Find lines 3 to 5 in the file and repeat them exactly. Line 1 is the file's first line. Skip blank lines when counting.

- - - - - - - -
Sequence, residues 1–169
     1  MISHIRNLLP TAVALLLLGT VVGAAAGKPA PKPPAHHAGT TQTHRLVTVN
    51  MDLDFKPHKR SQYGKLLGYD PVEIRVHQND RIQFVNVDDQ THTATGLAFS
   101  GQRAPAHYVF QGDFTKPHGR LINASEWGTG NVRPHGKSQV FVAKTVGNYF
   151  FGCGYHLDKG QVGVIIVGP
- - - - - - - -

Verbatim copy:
    51  MDLDFKPHKR SQYGKLLGYD PVEIRVHQND RIQFVNVDDQ THTATGLAFS
   101  GQRAPAHYVF QGDFTKPHGR LINASEWGTG NVRPHGKSQV FVAKTVGNYF
   151  FGCGYHLDKG QVGVIIVGP